Sustainability is no longer an afterthought in modern business. Consumer and legislative demand for eco-conscious services and products is ballooning, and meeting those is a particularly significant challenge for technology manufacturers. Not only are modern value chains long and complex, but a large proportion of the emissions created before and during a product’s life are largely outside of manufacturers’ direct control.
At Ross Video, we’ve always believed that innovation and environmental responsibility go hand in hand. Observing the effects of climate change, our CEO, David Ross, realized that we have a unique opportunity to make a difference. This realization led us to embark on a journey (14 years ago!) towards significantly reducing our environmental footprint, even though we understand that the return on this investment will take years to materialize.
Our dedication to environmental stewardship is shaping the future of Ross Video. “On one hand, being green may seem unrelated to our products and services’ functional superiority,” David Ross shared in a recent conversation with the Ottawa Business Journal. “However, our customers and employees are increasingly concerned about the planet’s future. Long term, we believe that being environmentally responsible is a strategic choice that will differentiate us in the market.”
Our facility in Iroquois, Ontario, is a testament to our commitment. Our facility is on track to achieve Net Zero Carbon before 2025 after several upgrades including:
Jeff Poapst, our Chief Manufacturing Officer, highlighted these efforts, “We have a key role as a leader in our industry and the local community to demonstrate what can be done to help lessen our environmental impact, and protect future generations from the damaging effects of greenhouse gases.”
Emissions are only one element of our environmental impact. Reducing waste is also an important step towards sustainability. To limit the amount of non-renewable waste we produce, we use primarily recyclable packaging with all our products.
We’ve taken a practical approach to minimizing waste by looking for opportunities to integrate low-waste processes throughout our operations. This includes using no clean solder paste and flux, which eliminates the need for water in the soldering process, and we’ve adopted a closed-loop ultrasonic stencil cleaning process, ensuring that our water usage is restricted to essential services such as washrooms and lunchrooms. And we’ve limited single-use plastics in the plant with a view to eliminating them completely over the coming years.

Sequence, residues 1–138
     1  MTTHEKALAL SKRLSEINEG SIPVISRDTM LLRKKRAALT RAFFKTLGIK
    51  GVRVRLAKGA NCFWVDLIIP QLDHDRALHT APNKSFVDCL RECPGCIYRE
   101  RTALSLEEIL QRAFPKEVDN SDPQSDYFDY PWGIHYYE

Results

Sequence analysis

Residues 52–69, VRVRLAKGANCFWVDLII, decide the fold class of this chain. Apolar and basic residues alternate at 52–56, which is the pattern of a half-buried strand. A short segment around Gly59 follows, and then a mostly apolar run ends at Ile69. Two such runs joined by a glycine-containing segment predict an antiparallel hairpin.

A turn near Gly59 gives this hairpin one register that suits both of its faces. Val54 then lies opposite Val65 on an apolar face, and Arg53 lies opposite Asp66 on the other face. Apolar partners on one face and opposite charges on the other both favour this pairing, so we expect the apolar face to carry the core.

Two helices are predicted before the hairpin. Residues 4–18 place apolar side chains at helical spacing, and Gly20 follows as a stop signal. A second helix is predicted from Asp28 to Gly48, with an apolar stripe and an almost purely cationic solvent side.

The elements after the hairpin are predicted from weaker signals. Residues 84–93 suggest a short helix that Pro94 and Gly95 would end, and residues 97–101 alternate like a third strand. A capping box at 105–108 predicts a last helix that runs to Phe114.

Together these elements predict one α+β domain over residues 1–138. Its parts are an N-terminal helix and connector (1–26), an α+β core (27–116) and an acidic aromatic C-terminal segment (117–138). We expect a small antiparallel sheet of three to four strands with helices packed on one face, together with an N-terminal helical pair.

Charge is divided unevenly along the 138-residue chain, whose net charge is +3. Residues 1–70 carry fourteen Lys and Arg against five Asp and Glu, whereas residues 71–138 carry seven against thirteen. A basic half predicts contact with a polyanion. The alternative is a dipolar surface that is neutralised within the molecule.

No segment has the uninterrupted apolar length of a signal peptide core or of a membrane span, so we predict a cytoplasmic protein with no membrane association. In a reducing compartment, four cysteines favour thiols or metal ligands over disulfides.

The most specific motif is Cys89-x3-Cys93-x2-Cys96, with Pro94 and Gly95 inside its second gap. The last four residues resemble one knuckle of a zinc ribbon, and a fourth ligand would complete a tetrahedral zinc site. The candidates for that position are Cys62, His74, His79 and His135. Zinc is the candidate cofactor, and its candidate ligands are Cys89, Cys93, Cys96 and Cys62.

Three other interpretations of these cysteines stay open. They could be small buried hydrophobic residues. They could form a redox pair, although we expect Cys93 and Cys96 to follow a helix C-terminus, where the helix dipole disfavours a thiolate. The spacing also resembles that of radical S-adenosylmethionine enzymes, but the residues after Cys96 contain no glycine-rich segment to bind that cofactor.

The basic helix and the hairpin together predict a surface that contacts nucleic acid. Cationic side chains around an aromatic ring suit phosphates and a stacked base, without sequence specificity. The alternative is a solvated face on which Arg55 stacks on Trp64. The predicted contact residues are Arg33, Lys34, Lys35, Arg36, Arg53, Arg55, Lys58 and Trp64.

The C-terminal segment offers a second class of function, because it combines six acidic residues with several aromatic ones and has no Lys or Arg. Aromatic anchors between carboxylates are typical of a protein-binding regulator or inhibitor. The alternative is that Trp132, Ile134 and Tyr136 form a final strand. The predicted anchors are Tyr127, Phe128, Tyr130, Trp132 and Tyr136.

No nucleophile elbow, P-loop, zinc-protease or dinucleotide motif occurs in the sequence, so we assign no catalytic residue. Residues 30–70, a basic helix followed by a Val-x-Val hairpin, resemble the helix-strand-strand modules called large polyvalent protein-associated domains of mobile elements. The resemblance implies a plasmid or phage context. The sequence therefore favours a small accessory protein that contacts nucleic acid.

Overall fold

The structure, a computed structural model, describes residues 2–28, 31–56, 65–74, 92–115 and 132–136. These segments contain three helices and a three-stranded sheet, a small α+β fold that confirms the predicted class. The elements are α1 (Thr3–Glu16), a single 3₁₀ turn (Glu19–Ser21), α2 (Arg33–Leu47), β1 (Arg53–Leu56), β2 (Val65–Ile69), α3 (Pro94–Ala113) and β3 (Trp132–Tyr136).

On the product side, our hyperconverged solutions require fewer raw materials by design, meaning they generate less waste at the end of their life. The extended lifespan of our products through modularity and software upgradability also helps to reduce waste created from discontinuation, and our emphasis on design for disassembly maximizes the reclaimability of the materials at the end of their life.
At Ross Video, innovation is at the core of what we do. Our R&D team in Ottawa is committed to designing products that meet our customers’ needs and contribute to a sustainable future. Our Hyperconverged Platform, Ultrix, is the perfect example.
We considered sustainability from the very first stages of its design, considering the value chain from both ends: We wanted to create a product from materials we could source as sustainably as possible — and we wanted to design a product with a minimal environmental footprint over its lifetime.
The Ultrix does this by merging production components into a single, modular, software-enhanced platform, offering “big production capabilities in a compact package.” This “hyperconverged” approach means Ultrix can replace multiple large pieces of equipment, reducing the energy required to power and ship it initially and for the rest of the product’s life.
This hyperconverged approach is an entirely new approach to building video production infrastructure and is quickly seeing adoption across the industry.
Our journey towards sustainability is deeply embedded in our company culture.
It began over 15 years ago with the initiative of a former employee, Peter Breedyk, who pushed for sustainable practices like eliminating lead solder and finding greener packaging solutions.
“It was the beginning of the company’s current philosophy of diversity and sustainability,” Poapst noted. Our internal policies guide our daily operations, emphasizing reusable and recyclable goods and local sourcing and encouraging our staff to embody these principles.
The recent publication of a research paper written by two members of the team — Alun Fryer and Amanda Holstrom (which you can read in the SMPTE journal here), is another great example of how that culture continues across the organization.
As Ross Video nears its 50th year of operation, our commitment to sustainability has helped us reduce our carbon footprint and solidified our identity as a leader in the community and the broadcasting industry. “As a leading local employer and a member of the broader broadcast community, we have an outsized influence on society,” said Poapst, underscoring our role in driving industry-wide change.
Our journey towards a more sustainable future is ongoing, and we’re proud to be at the forefront of this critical movement in our industry. By combining capitalism with social responsibility, we’re setting a new standard for sustainability in the video technology sector.
To learn more about how hyperconverged design reduces environmental impact, read our recently published SMPTE journal article here.